The day the Casualty Assistance Officers (CAO) arrived at our house and told my mother that my brother had passed away will be one I’ll never forget. It is burned into my brain like a national catastrophe such as where I was on 9/11. Second to that is the day the CAO gave our family our Gold Star pins. The moment came and went with relative ease because as I mentioned earlier, I had no idea the significance the pin represented. That pin encapsulated my brother’s commitment to this great country and our families new struggle knowing he was gone forever.

Few may realize it but identical to Veterans and Memorial Day there is a Gold Star Mothers and Family’s Day. It is held the last Sunday in September every year. It is a day to remember, reflect and honor those that we lost. For new families it can be an extremely difficult day that brings a flood of emotions that can be difficult to handle. For families where more time has passed it is a time to smile on the positive memories and remember the sacrifice their loved one made when serving this great nation. It is comparable to Survivor Day which is a chance for survivors of suicide loss to come together and share their stories in November of each year. Each day can find common grounds when it comes to the emotions shared and the difficulty of having to remember the loss of loved ones.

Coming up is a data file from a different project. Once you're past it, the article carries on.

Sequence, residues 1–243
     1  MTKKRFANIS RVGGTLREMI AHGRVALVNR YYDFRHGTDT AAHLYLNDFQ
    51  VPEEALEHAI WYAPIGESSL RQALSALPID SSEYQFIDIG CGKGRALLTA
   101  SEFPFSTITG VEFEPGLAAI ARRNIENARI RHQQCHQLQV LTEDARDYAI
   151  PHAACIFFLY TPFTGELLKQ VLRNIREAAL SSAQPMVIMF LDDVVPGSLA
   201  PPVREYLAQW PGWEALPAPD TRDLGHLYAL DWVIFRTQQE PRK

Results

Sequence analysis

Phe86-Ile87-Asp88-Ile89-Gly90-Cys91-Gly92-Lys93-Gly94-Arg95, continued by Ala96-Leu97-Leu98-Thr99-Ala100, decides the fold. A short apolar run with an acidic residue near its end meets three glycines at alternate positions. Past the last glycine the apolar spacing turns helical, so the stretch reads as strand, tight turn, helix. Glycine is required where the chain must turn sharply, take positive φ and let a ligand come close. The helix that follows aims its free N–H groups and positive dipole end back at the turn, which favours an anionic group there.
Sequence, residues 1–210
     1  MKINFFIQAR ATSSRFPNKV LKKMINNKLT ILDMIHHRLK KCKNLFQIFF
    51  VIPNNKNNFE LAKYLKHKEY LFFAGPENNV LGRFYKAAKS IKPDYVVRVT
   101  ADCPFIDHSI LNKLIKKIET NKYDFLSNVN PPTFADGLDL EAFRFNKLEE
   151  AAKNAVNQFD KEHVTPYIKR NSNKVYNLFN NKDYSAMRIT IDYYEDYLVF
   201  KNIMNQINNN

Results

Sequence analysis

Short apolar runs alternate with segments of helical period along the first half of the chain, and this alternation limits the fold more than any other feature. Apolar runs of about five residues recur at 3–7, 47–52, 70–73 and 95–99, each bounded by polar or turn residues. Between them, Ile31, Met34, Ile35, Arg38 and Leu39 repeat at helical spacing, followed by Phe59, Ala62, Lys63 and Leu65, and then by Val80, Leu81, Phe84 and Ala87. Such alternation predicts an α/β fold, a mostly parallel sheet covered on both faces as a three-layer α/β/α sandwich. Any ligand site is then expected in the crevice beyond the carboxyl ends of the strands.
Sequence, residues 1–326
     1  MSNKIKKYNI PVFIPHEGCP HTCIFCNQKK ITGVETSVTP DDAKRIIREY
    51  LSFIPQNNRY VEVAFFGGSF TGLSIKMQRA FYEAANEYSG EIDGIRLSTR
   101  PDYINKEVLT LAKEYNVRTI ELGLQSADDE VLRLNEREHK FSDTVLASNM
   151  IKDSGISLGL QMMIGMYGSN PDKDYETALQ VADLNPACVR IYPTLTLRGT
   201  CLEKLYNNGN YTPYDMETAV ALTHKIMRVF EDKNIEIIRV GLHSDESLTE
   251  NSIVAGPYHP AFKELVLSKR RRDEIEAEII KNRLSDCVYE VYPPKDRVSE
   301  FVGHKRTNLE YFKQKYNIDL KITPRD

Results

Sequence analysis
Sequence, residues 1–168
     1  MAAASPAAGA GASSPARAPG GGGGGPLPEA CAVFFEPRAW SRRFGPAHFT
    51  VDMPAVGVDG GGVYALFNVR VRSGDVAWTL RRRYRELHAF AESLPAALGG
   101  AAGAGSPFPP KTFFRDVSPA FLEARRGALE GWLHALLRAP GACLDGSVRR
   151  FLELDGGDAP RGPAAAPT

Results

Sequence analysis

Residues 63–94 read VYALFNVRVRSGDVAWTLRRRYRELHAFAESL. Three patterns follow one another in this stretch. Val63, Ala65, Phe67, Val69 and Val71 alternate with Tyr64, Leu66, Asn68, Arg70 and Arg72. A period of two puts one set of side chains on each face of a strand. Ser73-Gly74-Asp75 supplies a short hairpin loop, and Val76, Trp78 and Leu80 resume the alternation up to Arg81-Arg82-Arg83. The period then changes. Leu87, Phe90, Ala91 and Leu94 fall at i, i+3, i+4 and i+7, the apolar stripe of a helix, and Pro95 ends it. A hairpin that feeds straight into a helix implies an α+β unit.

When my brother passed away, we received the support of the CAO and the financial backing of the United States Army. We had immediate emotional support and guidance when it came to planning the funeral. I will forever be grateful for the services our CAO provided to our family. I’m not sure we could have got through those first two to three weeks without them. It was crucial to me beginning my grief process. I didn’t have to worry about how our family was going to cover the expenses of the funeral and they made planning it about as easy as it could get by escorting my mother from church, to funeral home to memorial marker company.